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Book Review: Do The KIND Thing by Daniel Lubetzky
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Book Review:  Do The KIND Thing by Daniel Lubetzky - Executive Leadership Articles

Book Review: Do The KIND Thing by Daniel Lubetzky

Executive Leadership Articles

Book Review: Do The KIND Thing by Daniel Lubetzky

Daniel Lubetzky is the founder and CEO of KIND, that snack food company whose trademarked tagline is “Ingredients you can see and pronounce.” KIND bars are known for their clear, plastic wrapping, so customers can see what they’re purchasing: whole nuts and fruits that satisfy in a healthy manner. In his book Do the KIND Thing (Ballantine Books, 2015), Lubetzky explains that the wrapper is not the only thing about KIND that is transparent. Transparency and authenticity are guiding principles in how his company conducts its business, warranting a whole chapter on communicating realness in its marketing and packaging.

It would be easy for a loyal customer to know only that KIND’s products are delicious and healthy, with no awareness of the mission and commitment the company has to “doing the KIND thing” for its people and for the planet. This is because Lubetzky underscores the importance of remembering that “the mission does not sell the product; the product sells the product.” Lubetzky has spent his whole career building bridges between conflicting communities through mutually beneficial business arrangements, but advises that “if your goal is to sell products, focus first and foremost on winning on the product’s merits.”

In addition to transparency, the author outlines and illustrates other company values: purpose, grit, truth and discipline, keeping it simple, originality, empathy, trust, ownership and resourcefulness, and something he calls “thinking with AND.” This is his opening chapter, and one of the book’s strongest, as it explains the company’s roots, and is the foundation upon which the rest of these values are built. Your product can be delicious AND nutritious. Your company can be profitable AND socially responsible. You can insist on more expensive ingredients AND compete in a difficult market.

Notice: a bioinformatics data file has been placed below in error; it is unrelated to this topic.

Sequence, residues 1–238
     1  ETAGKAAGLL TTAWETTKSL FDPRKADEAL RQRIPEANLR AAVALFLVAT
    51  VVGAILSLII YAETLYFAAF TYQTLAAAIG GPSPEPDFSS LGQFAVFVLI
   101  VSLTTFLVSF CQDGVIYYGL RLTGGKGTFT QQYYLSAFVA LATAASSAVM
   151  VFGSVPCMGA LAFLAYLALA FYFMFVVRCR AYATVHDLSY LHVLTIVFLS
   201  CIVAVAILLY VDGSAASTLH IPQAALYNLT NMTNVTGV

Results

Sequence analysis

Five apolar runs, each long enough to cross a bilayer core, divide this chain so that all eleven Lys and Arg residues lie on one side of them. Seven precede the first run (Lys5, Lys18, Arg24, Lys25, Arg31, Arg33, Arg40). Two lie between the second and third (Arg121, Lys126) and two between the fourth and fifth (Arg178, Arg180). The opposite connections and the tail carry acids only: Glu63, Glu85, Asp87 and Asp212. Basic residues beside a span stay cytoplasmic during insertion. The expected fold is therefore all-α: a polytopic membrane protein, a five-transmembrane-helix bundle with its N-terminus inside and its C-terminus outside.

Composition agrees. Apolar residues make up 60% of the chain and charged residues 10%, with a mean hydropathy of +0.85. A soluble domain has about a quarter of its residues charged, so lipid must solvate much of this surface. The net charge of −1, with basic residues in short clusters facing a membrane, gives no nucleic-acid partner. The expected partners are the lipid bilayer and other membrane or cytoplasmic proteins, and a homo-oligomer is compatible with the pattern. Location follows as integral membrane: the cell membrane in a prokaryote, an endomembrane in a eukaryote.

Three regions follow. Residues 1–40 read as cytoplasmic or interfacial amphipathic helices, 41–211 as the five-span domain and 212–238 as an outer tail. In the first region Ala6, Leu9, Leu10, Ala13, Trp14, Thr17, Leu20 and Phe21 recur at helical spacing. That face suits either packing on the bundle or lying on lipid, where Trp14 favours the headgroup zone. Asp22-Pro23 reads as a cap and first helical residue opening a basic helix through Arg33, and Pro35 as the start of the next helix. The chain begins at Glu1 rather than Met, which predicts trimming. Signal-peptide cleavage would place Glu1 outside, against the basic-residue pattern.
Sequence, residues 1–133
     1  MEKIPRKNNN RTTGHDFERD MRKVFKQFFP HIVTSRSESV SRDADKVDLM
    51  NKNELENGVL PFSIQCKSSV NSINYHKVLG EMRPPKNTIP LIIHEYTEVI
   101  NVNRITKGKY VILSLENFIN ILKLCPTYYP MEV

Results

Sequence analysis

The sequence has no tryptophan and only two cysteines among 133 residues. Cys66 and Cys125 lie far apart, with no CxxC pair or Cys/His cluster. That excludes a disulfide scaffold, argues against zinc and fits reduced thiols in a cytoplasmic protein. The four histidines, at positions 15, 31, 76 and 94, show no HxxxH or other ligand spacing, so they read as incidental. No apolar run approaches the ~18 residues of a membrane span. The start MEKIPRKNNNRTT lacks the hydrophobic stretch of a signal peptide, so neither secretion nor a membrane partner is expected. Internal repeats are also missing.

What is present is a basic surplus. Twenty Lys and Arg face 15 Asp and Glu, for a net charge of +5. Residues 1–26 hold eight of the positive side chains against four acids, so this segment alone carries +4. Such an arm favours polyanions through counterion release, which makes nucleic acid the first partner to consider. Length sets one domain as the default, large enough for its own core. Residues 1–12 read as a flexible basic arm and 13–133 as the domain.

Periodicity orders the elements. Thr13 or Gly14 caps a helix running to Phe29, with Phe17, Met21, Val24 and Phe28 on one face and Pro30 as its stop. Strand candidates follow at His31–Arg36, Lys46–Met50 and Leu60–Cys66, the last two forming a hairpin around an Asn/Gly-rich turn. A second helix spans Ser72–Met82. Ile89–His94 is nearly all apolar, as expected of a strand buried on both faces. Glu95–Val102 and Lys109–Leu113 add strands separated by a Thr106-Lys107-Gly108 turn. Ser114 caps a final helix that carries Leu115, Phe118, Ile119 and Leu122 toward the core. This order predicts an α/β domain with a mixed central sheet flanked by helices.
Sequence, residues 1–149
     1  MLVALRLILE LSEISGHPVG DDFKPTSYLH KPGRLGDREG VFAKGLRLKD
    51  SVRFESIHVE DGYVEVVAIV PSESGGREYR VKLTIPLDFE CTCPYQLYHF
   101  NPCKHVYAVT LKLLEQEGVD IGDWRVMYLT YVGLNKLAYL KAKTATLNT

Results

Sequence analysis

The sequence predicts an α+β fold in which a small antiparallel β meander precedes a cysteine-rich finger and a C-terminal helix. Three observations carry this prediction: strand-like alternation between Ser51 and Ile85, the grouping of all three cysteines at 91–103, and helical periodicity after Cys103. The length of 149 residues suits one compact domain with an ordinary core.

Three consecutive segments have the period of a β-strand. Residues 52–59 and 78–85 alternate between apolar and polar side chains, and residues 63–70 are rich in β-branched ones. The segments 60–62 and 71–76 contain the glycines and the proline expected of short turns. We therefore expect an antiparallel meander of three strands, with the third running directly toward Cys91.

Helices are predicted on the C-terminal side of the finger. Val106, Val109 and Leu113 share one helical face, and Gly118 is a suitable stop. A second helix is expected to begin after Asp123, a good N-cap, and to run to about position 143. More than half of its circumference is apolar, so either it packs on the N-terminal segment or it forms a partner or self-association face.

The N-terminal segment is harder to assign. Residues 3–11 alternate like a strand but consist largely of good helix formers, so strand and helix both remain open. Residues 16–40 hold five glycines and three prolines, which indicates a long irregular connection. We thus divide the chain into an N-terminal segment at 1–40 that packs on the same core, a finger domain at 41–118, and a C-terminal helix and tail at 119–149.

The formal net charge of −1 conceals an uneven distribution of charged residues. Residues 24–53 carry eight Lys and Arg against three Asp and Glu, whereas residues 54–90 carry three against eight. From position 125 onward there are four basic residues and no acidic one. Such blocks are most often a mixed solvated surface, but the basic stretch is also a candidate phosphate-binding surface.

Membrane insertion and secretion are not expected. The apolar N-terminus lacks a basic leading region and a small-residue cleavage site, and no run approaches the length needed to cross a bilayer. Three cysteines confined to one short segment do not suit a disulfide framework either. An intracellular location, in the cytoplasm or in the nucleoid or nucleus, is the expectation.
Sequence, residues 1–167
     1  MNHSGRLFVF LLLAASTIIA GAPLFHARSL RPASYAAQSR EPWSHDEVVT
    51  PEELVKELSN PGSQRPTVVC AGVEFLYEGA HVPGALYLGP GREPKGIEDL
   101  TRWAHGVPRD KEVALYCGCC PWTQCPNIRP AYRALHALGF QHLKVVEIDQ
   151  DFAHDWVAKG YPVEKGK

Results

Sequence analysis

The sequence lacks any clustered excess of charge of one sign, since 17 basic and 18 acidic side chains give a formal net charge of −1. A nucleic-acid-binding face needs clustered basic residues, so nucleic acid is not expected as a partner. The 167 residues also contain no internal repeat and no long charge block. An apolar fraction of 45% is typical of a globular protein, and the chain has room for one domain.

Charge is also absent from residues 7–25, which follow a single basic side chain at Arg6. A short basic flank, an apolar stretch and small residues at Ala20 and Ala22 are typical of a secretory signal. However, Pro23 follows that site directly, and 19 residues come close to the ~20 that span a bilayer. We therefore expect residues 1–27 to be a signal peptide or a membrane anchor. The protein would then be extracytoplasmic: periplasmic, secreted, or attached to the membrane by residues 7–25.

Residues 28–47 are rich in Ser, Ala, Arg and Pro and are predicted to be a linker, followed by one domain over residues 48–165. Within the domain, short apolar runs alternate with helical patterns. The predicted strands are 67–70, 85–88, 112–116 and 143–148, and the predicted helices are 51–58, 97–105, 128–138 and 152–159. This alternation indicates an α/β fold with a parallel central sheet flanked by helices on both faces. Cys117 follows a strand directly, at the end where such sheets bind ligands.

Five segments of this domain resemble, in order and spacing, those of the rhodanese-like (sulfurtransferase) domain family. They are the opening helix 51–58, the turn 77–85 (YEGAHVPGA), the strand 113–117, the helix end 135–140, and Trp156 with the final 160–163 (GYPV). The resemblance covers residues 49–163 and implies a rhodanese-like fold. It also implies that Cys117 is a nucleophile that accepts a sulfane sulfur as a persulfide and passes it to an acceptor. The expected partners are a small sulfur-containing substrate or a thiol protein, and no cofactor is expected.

Lubetzky tells a good story that’s worth the price of the book by itself. In his first years out of law school, he established a company whose mission was to form partnerships between Palestinian farmers and Israeli manufacturers to create high-quality products that established connections between businesses operating on different sides of idealistic chasms. Although that business floundered, it led to the establishment of KIND, a narrative he continues throughout his explanation of doing things the KIND way.

Despite its strengths in telling the tale, the book gets heavy on explaining, like that college professor who stops every few lines to describe the significance of each paragraph in the assigned literature while sacrificing the experience of immersing oneself in a really good story. For this reason, the book is best consumed one chapter at a time, spread out over several days. Also, if you’ve read similar books, where the CEO of a prominent company explains his or her philosophy while retracing the company’s history, much of this will feel like well-traveled ground. Still, the author’s sincerity and unique background offer more than a little bit of gold worth mining, so this book is recommended, but with one caveat: after reading it, you may have difficulty purchasing a lot of the hyper-processed, sugar-laden energy bars you think you love.


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Book Review: Do The KIND Thing by Daniel Lubetzky - Executive Leadership Articles

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